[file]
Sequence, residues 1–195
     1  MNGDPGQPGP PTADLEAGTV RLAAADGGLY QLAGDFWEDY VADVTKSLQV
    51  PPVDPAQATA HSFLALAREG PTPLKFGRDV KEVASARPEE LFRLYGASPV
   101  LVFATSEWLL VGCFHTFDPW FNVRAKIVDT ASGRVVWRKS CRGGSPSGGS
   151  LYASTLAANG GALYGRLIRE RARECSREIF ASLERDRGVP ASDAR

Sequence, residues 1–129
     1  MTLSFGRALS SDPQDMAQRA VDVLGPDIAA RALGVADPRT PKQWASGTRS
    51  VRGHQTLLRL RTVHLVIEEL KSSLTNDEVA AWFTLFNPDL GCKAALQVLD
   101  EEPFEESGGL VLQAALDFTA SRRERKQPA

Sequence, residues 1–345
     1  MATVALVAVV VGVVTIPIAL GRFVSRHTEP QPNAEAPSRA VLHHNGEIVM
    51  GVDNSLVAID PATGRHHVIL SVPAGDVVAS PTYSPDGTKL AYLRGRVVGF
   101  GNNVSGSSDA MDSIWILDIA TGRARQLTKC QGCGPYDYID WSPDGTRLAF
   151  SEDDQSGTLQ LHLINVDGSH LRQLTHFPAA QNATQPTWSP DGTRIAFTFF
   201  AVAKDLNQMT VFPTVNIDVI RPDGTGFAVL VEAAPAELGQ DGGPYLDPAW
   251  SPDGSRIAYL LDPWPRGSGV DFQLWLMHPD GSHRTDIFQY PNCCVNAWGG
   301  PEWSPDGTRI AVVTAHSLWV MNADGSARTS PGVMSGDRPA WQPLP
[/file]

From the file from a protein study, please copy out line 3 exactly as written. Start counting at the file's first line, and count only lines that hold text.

    51  PPVDPAQATA HSFLALAREG PTPLKFGRDV KEVASARPEE LFRLYGASPV